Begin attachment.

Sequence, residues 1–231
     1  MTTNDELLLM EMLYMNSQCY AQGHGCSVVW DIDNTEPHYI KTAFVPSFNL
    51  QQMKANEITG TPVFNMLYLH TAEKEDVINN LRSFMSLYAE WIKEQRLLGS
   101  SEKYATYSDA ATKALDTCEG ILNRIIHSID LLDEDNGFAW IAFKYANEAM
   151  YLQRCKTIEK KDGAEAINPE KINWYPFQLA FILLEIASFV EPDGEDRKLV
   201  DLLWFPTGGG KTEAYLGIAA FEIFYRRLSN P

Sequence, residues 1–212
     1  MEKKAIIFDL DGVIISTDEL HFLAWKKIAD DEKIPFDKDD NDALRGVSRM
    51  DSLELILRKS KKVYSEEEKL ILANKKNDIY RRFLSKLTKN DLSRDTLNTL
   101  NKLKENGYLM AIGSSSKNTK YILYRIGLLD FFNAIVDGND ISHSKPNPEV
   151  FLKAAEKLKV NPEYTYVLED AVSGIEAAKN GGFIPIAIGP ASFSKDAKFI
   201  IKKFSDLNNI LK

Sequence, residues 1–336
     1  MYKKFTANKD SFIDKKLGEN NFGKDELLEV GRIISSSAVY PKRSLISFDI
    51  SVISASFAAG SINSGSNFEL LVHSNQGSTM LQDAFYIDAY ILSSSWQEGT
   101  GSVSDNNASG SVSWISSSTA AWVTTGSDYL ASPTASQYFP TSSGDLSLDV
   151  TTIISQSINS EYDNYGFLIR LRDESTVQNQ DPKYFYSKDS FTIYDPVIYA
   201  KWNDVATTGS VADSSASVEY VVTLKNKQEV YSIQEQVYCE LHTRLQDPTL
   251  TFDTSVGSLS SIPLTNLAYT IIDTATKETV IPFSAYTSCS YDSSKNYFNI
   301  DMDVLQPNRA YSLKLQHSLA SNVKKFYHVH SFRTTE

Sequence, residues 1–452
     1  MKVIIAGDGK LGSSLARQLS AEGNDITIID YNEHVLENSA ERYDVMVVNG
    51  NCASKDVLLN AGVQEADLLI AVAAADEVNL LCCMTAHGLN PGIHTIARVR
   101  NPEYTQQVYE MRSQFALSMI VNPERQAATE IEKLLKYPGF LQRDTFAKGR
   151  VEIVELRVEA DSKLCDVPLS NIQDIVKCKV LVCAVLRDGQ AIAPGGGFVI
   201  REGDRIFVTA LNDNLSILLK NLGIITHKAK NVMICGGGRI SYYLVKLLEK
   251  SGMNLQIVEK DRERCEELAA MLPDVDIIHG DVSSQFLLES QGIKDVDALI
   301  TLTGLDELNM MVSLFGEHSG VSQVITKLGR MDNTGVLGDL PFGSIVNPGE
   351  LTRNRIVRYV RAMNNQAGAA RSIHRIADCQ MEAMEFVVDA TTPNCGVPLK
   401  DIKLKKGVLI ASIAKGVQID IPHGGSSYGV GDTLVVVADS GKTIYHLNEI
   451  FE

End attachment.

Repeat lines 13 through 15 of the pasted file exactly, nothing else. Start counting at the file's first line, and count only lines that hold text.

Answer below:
Sequence, residues 1–336
     1  MYKKFTANKD SFIDKKLGEN NFGKDELLEV GRIISSSAVY PKRSLISFDI
    51  SVISASFAAG SINSGSNFEL LVHSNQGSTM LQDAFYIDAY ILSSSWQEGT